What happens in Vegas.com, stays in Vegas.com

Case study: How can you keep all your data in encrypted form without rewriting every legacy application you use?

Vegas.com doesn't like gambling. At least, when it involves the private information of its customers. The question is: How can you keep all your data in encrypted form without rewriting every legacy application you use?

Vegas.com is probably best known as the premier travel site in Las Vegas. From casinos to chapels, from Hoover Dam to Wayne Newton, if it's in or around Las Vegas, you can find it on Vegas.com. While the site draws close to a million visitors a month, it's only part of the Greenspun Media Group, which also includes newspapers, magazines, cable channels and other areas of business.

The company's Henderson, Nevada, campus houses its own data center, which hosts all the Web servers, database servers and application servers that the site uses. The Vegas.com IT group supports the infrastructure of the entire company.

One problem that Vegas.com faced was serving its pages up rapidly enough, given all the purchase and reservation transactions that customers were performing at the site. "Load balancing among servers is tricky enough," said Brian Hayashi, director of engineering for Vegas.com. "Add security considerations like SSL and it's even worse." Most load balancers are clueless in encrypted environments because they don't comprehend encrypted traffic. Luckily, Vegas.com found a solution with Ingrian Networks Inc. in Redwood City, Calif., which offers a Load Balancing Service Engine oriented specifically toward encrypted operations such as SSL.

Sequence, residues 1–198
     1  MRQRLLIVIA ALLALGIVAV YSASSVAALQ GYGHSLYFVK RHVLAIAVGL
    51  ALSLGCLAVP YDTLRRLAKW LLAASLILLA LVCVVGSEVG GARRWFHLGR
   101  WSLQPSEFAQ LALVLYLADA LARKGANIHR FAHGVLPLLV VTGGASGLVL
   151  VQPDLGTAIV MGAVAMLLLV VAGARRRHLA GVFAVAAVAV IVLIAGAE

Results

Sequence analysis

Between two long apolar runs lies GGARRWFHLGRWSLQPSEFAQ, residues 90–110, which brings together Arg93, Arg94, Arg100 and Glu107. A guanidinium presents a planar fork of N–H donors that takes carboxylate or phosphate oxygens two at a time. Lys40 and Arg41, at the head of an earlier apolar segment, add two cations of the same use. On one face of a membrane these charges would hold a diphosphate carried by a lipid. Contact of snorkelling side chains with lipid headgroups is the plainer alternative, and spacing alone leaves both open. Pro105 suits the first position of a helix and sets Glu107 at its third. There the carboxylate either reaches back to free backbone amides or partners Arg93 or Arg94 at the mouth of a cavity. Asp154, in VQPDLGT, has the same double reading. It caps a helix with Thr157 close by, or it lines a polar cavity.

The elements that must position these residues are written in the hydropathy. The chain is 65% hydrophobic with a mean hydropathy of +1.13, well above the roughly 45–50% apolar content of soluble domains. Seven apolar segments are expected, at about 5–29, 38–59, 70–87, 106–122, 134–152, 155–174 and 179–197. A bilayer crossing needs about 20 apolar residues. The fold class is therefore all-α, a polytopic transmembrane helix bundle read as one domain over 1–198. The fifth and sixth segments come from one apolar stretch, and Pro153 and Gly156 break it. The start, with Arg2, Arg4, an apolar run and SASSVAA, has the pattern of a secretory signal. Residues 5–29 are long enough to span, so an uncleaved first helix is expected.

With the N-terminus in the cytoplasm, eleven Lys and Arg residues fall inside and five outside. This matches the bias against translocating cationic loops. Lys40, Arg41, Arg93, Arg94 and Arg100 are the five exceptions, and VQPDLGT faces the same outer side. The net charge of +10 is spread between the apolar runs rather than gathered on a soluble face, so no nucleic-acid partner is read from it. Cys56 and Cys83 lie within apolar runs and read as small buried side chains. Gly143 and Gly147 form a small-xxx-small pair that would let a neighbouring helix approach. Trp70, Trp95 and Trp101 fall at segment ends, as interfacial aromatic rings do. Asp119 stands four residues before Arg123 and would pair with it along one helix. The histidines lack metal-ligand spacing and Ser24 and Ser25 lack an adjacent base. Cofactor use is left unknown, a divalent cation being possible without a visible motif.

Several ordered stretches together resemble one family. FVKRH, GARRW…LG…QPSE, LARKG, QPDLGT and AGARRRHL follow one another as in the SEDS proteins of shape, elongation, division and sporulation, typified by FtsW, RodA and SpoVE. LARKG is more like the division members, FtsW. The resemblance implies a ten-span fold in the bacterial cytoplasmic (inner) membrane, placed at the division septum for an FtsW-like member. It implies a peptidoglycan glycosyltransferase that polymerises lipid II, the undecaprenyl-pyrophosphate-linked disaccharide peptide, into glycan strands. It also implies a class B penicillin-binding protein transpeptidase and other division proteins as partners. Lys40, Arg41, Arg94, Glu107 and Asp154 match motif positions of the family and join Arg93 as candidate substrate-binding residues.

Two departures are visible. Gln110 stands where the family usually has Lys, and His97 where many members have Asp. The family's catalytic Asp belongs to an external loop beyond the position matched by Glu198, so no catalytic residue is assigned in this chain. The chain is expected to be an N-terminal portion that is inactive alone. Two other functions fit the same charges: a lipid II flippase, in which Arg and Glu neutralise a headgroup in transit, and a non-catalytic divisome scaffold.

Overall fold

Vegas.com's other major concern was handling private customer information. Thousands of customers trust the site with their personal information such as credit card numbers -- not the kind of data you want falling into the wrong hands.

"Ideally, we wanted to keep all our data encrypted, even when backed up," explained Hayashi. Furthermore, the company preferred not to keep the decryption keys on its own servers, where they could potentially be vulnerable to internal attacks, a consideration that many larger enterprises have ignored to their peril.

To make the problem more difficult, they didn't want to rewrite their existing applications to perform the encryption-decryption process in software. "We could do that, but it would mean an extensive development process," Hayashi said. That would take a long time, leaving data unencrypted in the meantime. They looked around for another solution and found one -- with Ingrian.

Ingrian offers its DataSecure Platforms, including a hardware appliance, a network-attached encryption server, and a connector that includes load balancing and a cryptographic interface. "We were comfortable with Ingrian, based on our previous experience with them," noted Hayashi.

Using the Ingrian solution, Vegas.com can keep its data encrypted in the database. The hardware unit transparently performs any decryption that applications may require. "There's no impact on performance," reported Hayashi.

Hayashi feels comfortable about the future of this solution. Ingrian offers several higher-end platforms, to support Vegas.com's growth, as well as encryption libraries for eventually rewriting those legacy apps. With this bet, the house wins again.

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